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Authors present war history

Three authors who collaborated on a book focusing on the history of the U.S. Army’s 29th Infantry Division detailed the history of the group of soldiers during a Sunday event held at Sailor’s Creek Battlefield State Park.

The authors — Command Historian Alexander Barnes, Maj. Gen. Timothy P. Williams and Sailor’s Creek Battlefield State Park Manager Chris Calkins — spoke on their book, “Let’s Go!: The History of the 29th Infantry Division 1917-2001,” which released its first edition in 2014.

To view more photos of the event, click here.

The park’s friends group, after the presentation, provided ice cream sundaes to those in attendance while reenactors portrayed infantrymen from the Civil War, World War I and World War II. 

The book examines the division’s origins before World War I and its role in World War II and beyond.

The infantry was called the “Blue and Gray” during World War I, as the units came from Maryland, Virginia, North Carolina and West Virginia. The colors blue and gray were meant to symbolize the Union and Confederate states joining forces to protect the U.S. during World War I.

The presentation, in particular, focused on a Farmville native who served in the 29th Division during World War II.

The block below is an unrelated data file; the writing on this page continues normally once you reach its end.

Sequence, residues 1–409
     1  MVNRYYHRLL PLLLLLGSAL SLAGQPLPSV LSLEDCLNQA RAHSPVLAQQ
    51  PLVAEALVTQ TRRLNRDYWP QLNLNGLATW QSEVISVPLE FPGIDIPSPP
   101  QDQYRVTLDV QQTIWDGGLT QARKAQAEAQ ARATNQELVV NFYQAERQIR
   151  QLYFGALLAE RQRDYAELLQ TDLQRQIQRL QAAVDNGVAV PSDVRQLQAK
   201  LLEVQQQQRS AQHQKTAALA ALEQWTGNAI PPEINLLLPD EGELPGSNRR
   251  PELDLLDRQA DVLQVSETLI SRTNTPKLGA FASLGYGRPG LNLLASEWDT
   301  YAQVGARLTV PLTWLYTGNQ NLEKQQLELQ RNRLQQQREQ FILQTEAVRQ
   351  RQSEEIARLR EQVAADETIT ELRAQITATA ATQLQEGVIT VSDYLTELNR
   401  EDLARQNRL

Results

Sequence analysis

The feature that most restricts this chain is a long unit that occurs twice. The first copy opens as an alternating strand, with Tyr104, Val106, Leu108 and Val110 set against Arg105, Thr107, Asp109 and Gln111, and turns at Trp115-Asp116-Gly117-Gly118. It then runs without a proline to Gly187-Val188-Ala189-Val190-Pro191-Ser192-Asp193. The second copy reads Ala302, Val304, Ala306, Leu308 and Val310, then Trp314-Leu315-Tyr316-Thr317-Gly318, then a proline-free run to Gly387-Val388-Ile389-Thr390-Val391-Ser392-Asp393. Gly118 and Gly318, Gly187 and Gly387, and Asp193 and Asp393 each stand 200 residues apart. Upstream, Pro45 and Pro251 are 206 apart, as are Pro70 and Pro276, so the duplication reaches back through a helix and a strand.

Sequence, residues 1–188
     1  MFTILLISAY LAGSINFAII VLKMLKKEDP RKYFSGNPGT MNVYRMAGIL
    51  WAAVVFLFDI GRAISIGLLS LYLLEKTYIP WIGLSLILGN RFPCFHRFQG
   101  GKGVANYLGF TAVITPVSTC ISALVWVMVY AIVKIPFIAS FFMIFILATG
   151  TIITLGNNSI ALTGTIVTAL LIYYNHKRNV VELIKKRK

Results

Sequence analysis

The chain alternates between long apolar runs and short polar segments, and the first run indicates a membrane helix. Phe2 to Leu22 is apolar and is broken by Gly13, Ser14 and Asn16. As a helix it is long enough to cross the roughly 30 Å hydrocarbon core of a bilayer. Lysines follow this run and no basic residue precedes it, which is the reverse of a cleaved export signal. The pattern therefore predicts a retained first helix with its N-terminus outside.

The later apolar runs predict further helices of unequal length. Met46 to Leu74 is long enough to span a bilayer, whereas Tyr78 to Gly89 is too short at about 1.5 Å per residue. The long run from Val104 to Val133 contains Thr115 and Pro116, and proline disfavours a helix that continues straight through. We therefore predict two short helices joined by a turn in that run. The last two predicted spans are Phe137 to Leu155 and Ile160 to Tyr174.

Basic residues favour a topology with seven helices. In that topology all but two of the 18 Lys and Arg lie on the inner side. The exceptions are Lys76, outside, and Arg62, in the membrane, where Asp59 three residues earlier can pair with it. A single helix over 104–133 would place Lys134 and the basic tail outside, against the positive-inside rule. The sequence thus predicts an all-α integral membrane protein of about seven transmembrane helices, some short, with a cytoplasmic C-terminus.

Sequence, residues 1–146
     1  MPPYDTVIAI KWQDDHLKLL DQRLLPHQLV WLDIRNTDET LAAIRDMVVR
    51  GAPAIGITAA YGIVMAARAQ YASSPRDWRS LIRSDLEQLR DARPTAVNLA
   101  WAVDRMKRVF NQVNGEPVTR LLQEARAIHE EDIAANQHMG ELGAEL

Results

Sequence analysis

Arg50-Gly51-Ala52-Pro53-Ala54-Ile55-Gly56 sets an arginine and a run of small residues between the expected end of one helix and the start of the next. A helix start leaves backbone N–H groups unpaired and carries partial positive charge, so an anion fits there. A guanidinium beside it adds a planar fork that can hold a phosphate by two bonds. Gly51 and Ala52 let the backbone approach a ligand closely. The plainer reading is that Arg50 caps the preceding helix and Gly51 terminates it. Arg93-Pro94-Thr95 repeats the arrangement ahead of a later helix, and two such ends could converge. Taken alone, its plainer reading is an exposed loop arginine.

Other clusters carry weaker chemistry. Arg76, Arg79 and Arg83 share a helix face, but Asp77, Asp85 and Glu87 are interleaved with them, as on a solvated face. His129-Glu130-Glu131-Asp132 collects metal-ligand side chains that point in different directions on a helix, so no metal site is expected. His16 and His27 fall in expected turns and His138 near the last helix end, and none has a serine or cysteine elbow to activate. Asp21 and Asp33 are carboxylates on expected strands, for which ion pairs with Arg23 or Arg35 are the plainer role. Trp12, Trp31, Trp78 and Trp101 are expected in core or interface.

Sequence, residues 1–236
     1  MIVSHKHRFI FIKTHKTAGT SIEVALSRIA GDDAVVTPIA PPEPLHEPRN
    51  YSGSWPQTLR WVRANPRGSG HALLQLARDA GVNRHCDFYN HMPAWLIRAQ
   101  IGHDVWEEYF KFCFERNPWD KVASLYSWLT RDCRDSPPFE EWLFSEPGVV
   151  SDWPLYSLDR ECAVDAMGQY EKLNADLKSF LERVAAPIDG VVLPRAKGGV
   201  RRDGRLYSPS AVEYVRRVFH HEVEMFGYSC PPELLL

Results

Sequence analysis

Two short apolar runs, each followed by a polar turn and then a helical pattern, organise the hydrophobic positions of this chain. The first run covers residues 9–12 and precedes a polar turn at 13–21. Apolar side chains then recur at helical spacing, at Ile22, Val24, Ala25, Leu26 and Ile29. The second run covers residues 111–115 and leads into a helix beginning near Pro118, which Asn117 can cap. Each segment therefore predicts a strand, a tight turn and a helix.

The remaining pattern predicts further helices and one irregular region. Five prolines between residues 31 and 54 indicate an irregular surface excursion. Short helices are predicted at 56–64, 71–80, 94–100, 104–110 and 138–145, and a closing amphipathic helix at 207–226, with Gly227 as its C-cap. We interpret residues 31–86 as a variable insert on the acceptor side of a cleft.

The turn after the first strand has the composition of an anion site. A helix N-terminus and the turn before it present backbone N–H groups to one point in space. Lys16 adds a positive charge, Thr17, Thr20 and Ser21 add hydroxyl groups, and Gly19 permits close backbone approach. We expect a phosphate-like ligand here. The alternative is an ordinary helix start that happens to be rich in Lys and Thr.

Calkins said during the presentation that Ulric Otto Rothgeb, also known as “Rock,” was born in Prince Edward County and grew up in Tuggle near Prospect.

Rothgeb was enlisted into the Company G of the 116th Infantry, 29th Division, which was a National Guard Unit.

Rothgeb received basic training in Maryland before heading to England for assault training. Rothgeb, along with the other members of the company — many of whom were from Farmville — landed on Omaha Beach along the French coast. Rothgeb was in charge of armored car driving.

Calkins said Rothgeb received a Bronze Star for saving equipment threatened by an enemy mortar and artillery barrage falling in the area and knocking down heavy tree branches.

Rothgeb received two Purple Hearts for injuries sustained during the company’s service in Europe.

After finishing his service in the war, Rothgeb returned to Farmville, married and lived near Prospect. He worked for the Virginia Power Company until his retirement and started a stand selling fruits and vegetables in Appomattox.

He moved to a farm in Buckingham later in life, where he died at age 87.

Calkins said he found some items belonging to Rothgeb at a gun show, while many of Rothgeb’s collections and stories came from his son, who Calkins visited while writing the book.

Calkins said this and similar events help bring people with an interest or prior interest in the armed forces together.

“This is a series of similar programs at Sailor’s Creek which has taken place for many years, and teaches various subjects,” Calkins said.

Barnes said he, Calkins and Williams sought to describe the infantry division’s activities that go beyond their most famous station in Normandy during World War II.

“Somebody’s got to do it,” Barnes said. “Why not us?”

Williams noted during presentations at different events people have given the three collections and uniforms belonging to the 29th Division.

Ed Dunn, a Farmville resident and a member of American Legion Post 32, said he enjoyed learning about Rothgeb.

“I thought it was great,” Dunn said of the presentation.